Who Is the Archangel Michael?
JEHOVAH’S witnesses hold that the archangel Michael is Jesus Christ, and they not at all alone or unique in doing so. Hengstenberg, one of the foremost German Bible scholars of the nineteenth century, argues at great length to that effect in his Christology and Commentary on the Apocalypse. A strong case for this position is also made in the Imperial Bible Dictionary, edited by the British Bible scholar Fairbairn. And Clarke, in his Commentary, holds that, at least at times, Michael refers to Jesus Christ.
As for the Scriptural testimony, in the first place note the very meaning of the name “Michael,” namely, “Who is like God?” There is no one else to whom that name could so fittingly apply as to Jesus, either before he came to earth or since his ascension. He alone is described as “the image of God,” “the reflection of his glory and the exact representation of his very being,” and as “the image of the invisible God.”—2 Cor. 4:4; Heb. 1:3; Col. 1:15.
Further, note his title “archangel.” This term occurs only twice in the Scriptures (AV), at 1 Thessalonians 4:16 and Jude 9. The prefix “arch” means “chief, principal, great.” Certainly both before his coming to earth as a man and since his return to heaven he is the chief or principal one of all God’s spirit creatures or angels. Trinitarians may consider this a downgrading of the “Second Person of the Trinity,” but if we accept the Scriptural testimony that Jesus was “the beginning of the creation by God,” and “the firstborn of all creation,” we will have no diffidence about applying to him the term archangel.—Rev. 3:19; Col. 1:15.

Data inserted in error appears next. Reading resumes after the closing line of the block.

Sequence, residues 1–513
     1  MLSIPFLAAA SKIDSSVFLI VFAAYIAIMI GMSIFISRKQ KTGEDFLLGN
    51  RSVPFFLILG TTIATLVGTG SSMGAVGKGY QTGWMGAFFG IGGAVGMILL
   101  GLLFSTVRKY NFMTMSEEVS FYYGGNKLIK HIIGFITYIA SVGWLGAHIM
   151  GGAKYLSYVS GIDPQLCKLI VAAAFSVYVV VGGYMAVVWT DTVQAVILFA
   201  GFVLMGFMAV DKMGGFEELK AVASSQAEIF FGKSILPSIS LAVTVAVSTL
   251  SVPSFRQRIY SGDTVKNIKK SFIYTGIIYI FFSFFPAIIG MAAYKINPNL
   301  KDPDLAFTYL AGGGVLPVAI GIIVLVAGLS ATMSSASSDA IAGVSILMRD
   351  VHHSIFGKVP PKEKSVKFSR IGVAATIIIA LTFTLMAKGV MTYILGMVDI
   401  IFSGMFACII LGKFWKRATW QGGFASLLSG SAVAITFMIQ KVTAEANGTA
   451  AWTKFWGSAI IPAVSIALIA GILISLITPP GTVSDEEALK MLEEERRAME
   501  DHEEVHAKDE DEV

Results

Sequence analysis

There he is shown to be a mighty angel rescuing from the clutches of one of Satan’s demon princes an angel of Jehovah God who had been sent to Daniel with a message of comfort. There Michael is also referred to as Daniel’s prince, even as at Daniel 12:1 (RS) he is spoken of as “the great prince who has charge of your people.” This is in keeping with Exodus 32:34 and similar scriptures that tell of God as appointing his angel to lead Israel. This being so makes clear why “Michael the archangel had a difference with the Devil and was disputing about Moses’ body.” The full force of Jude’s condemnation of rebellious ones, incidentally, becomes apparent when we note that not even Jesus Christ, the highest of all God’s creatures, dared render abusive judgment upon the Devil but said: “May Jehovah rebuke you.”—Jude 9; Zech. 3:2.
And finally we have Revelation 12:7, 8, where we read: “And war broke out in heaven: Michael and his angels battled with the dragon, and the dragon and its angels battled but it did not prevail.” The context tells of the birth of God’s kingdom, whose king is Jesus Christ, and identifies the dragon as Satan the Devil. Surely Jesus as King would be the one to take action upon the birth of God’s kingdom even as David took action against his enemies upon his becoming king. Did not Jesus state, upon his resurrection, that all power had been given him in heaven and on earth? Does not Psalm 110:1, 2 command him to rule in the midst of his enemies? And does not the apostle Paul show, at Hebrews 2:14, that it is Jesus who will destroy the Devil, thereby identifying him as the angel of Revelation 20:1 that will bind Satan?
All relevant Scriptural testimony unites to prove that Michael is none other than Jesus Christ, both before he became a man, as at Daniel 10:13, 21 and Jude 9, and after his ascension into heaven, as at Daniel 12:1 and Revelation 12:7.